# Distances between elements (standardized)

Source:`vignettes/web/elements-distances-standardized.Rmd`

`elements-distances-standardized.Rmd`

### Introduction

As a similarity measure in grids different types of Minkowski metrics, especially the Euclidean and city-block metric are frequently used. The Euclidean distance is the sum of squared differences between the ratings on two different elements. They are, however, no standardized measure. The distances strongly depend on the number of constructs and the rating range. The figure below demonstrates this fact. Note how the distance changes although the rating pattern remains identical.

In order to be able to compare distances across grids of different
size and rating range a standardization is desireable. Also, the notion
of *significance of a distance*, i.e. a distance which is
unusually big, is easier with a standard reference measure. Different
suggestions have been made in the literature of how to standardize
Euclidean interelement distances (Hartmann, 1992;
Heckmann, 2012; Slater, 1977). The three variants will be briefly
discussed and the corresponing R-Code is demonstrated.

### Slater distances (1977)

#### Description

The first suggestion to standardization was made by Slater (1977). He essentially calculated an expected
average Euclidean distance
$U$
for the case if the ratings are randomly distributed. To standardize the
grids he suggested to divide the matrix of Euclidean distances
$E$
by this *unit of expected distance*
$U$.
The Slater standardization thus is the division of the Euclidean
distances by the distance expected on average. Hence, distances bigger
than 1 are greater than expected, distances smaller than 1 are smaller
than expected.

#### R-Code

The function `distanceSlater`

calculates Slater distances
for a grid.

```
distanceSlater(boeker)
#
# ##########################
# Distances between elements
# ##########################
#
# Distance method: Slater (standardized Euclidean)
# Normalized:
# 1 2 3 4 5 6 7 8 9 10 11 12 13 14 15
# (1) self 1 1.03 0.75 0.69 0.87 1.19 0.80 1.03 0.99 0.59 1.79 0.58 0.55 0.64 0.54
# (2) ideal self 2 1.11 0.78 1.06 1.31 1.07 0.97 1.14 0.97 1.56 1.22 1.21 1.24 1.25
# (3) mother 3 0.73 0.53 0.95 0.55 0.81 0.64 0.67 1.58 0.69 0.83 0.77 0.69
# (4) father 4 0.63 1.15 0.65 0.90 0.83 0.69 1.66 0.84 0.91 0.98 0.89
# (5) kurt 5 0.89 0.57 0.79 0.57 0.72 1.51 0.79 0.93 0.87 0.83
# (6) karl 6 0.94 0.74 0.66 1.09 0.97 1.17 1.22 1.08 1.15
# (7) george 7 0.92 0.65 0.81 1.51 0.73 0.91 0.92 0.78
# (8) martin 8 0.68 0.80 1.27 1.09 1.10 1.01 1.07
# (9) elizabeth 9 0.87 1.31 1.00 1.13 1.03 0.98
# (10) therapist 10 1.74 0.65 0.63 0.69 0.65
# (11) irene 11 1.83 1.86 1.72 1.84
# (12) childhood self 12 0.43 0.50 0.34
# (13) self before illness 13 0.43 0.41
# (14) self with delusion 14 0.45
# (15) self as dreamer 15
#
# Note that Slater distances cannot be compared across grids with a different number of constructs (see Hartmann, 1992).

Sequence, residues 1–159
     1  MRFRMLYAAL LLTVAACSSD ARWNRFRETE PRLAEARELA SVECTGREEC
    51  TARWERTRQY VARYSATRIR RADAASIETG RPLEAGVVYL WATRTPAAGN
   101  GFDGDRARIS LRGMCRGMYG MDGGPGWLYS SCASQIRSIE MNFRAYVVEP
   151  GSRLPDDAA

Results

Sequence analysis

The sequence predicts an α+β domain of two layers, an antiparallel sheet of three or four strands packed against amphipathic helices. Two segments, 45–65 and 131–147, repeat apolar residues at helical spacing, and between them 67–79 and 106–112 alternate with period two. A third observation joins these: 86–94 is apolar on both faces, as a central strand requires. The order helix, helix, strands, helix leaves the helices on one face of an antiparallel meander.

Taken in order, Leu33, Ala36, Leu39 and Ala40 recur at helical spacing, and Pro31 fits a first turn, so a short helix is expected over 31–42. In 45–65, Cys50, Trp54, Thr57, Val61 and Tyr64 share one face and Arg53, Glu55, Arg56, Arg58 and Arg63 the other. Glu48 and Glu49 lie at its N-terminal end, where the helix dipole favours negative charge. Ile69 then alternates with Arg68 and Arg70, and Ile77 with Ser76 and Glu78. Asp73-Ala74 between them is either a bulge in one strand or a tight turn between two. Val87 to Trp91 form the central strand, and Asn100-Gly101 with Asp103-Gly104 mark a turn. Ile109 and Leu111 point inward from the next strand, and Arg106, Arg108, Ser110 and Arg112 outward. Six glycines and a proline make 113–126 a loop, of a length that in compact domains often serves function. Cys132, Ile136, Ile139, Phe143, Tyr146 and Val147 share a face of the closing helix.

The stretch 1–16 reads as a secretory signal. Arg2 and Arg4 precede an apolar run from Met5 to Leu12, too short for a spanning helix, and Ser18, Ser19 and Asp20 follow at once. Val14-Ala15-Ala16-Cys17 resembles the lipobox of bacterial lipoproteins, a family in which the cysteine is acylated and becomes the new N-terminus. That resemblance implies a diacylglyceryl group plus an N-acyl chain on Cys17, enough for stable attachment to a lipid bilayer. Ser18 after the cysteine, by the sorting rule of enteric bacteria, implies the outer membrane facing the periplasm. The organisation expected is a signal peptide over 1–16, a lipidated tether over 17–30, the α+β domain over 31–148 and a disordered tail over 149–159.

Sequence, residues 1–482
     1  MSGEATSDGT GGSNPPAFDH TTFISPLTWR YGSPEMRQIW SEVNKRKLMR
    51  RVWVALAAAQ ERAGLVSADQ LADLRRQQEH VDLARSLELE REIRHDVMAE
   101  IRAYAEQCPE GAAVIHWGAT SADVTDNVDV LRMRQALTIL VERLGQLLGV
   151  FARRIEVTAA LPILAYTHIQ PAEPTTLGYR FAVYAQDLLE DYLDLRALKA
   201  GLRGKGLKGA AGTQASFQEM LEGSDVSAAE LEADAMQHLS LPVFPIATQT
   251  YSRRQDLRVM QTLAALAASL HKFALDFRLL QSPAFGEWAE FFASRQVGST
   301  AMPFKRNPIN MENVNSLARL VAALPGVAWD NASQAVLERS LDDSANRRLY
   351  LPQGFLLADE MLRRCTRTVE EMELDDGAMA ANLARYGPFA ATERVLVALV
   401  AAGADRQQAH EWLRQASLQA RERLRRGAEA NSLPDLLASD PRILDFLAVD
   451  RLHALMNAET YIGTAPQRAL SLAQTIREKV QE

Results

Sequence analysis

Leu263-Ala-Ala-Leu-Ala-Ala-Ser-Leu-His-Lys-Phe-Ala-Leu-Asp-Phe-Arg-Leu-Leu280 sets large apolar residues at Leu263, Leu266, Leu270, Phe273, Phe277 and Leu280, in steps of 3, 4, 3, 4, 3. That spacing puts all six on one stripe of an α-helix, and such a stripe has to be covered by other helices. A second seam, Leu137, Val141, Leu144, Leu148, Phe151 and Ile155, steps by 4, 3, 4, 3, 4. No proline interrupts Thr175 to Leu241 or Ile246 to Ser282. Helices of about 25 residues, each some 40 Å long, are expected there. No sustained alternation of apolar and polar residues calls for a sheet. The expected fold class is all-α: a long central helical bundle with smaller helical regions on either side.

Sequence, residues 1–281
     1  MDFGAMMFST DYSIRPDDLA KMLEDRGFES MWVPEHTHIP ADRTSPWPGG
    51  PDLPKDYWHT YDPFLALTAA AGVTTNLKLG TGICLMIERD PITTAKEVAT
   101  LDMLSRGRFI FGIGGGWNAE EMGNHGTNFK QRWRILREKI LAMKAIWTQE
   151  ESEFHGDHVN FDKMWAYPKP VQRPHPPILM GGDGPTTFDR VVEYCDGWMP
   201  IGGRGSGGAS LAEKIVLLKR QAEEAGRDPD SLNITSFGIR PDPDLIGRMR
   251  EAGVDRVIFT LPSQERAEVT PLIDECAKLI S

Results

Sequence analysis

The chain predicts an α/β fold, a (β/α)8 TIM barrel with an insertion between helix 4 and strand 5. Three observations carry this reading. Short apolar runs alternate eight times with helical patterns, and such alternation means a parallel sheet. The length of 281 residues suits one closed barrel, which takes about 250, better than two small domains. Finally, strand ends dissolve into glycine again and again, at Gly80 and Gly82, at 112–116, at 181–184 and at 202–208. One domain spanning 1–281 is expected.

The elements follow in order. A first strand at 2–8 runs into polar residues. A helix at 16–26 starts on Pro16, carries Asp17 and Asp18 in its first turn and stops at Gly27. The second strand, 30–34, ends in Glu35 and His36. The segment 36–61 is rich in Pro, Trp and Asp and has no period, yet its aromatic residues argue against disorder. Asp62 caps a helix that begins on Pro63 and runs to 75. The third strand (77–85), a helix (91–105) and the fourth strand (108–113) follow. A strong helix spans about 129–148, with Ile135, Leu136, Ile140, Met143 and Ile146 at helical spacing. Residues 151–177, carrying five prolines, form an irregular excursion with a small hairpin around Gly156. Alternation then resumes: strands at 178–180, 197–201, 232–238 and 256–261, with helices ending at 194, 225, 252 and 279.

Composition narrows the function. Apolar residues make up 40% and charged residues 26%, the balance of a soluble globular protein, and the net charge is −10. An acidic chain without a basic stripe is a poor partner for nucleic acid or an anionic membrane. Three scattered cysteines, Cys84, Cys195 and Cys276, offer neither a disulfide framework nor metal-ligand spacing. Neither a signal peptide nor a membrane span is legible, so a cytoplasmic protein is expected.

```

You can save the results and define the way they are displayed using
the `print`

method. For example we could display distances
only within certain boundaries, using the `cutoff`

values
`.8`

and `1.2`

to indicate very big or small
distances as suggested by Norris and Makhlouf-Norris (1976).

```
d <- distanceSlater(boeker)
print(d, cutoffs = c(.8, 1.2))
#
# ##########################
# Distances between elements
# ##########################
#
# Distance method: Slater (standardized Euclidean)
# Normalized:
# 1 2 3 4 5 6 7 8 9 10 11 12 13 14 15
# (1) self 1 0.75 0.69 0.80 0.59 1.79 0.58 0.55 0.64 0.54
# (2) ideal self 2 0.78 1.31 1.56 1.22 1.21 1.24 1.25
# (3) mother 3 0.73 0.53 0.55 0.64 0.67 1.58 0.69 0.77 0.69
# (4) father 4 0.63 0.65 0.69 1.66
# (5) kurt 5 0.57 0.79 0.57 0.72 1.51 0.79
# (6) karl 6 0.74 0.66 1.22
# (7) george 7 0.65 1.51 0.73 0.78
# (8) martin 8 0.68 0.80 1.27
# (9) elizabeth 9 1.31
# (10) therapist 10 1.74 0.65 0.63 0.69 0.65
# (11) irene 11 1.83 1.86 1.72 1.84
# (12) childhood self 12 0.43 0.50 0.34
# (13) self before illness 13 0.43 0.41
# (14) self with delusion 14 0.45
# (15) self as dreamer 15
#
# Note that Slater distances cannot be compared across grids with a different number of constructs (see Hartmann, 1992).
```

#### Calculation

Let $G$ be the raw grid matrix and $D$ be the grid matrix centered around the construct means, with $d_{ij} =g_{..} - g_{ij}$, where $g_{..}$ is the mean of the construct. Further, let

$P=D^TD \qquad \text{and} \qquad S=tr\;P$

The Euclidean distances results in:

$(\sum{ (d_{ij} - d_{ik} )^2})^{1/2}$

$\Leftrightarrow (\sum{ (d_{ij}^2 + d_{ik}^2 - 2d_{ij}d_{ik})})^{1/2}$

$\Leftrightarrow (\sum{ d_{ij}^2 } + \sum{d_{ik}^2} - 2\sum{d_{ij}d_{ik} })^{1/2}$

$\Leftrightarrow (S_j + S_k - 2P_{jk})^{1/2}$

For the standardization, Slater proposes to use the expected
Euclidean distance between a random pair of elements taken from the
grid. The average for
$S_j$
and
$S_k$
would then be
$S_{avg} = S/m$
where
$m$
is the number of elements in the grid. The average of the off-line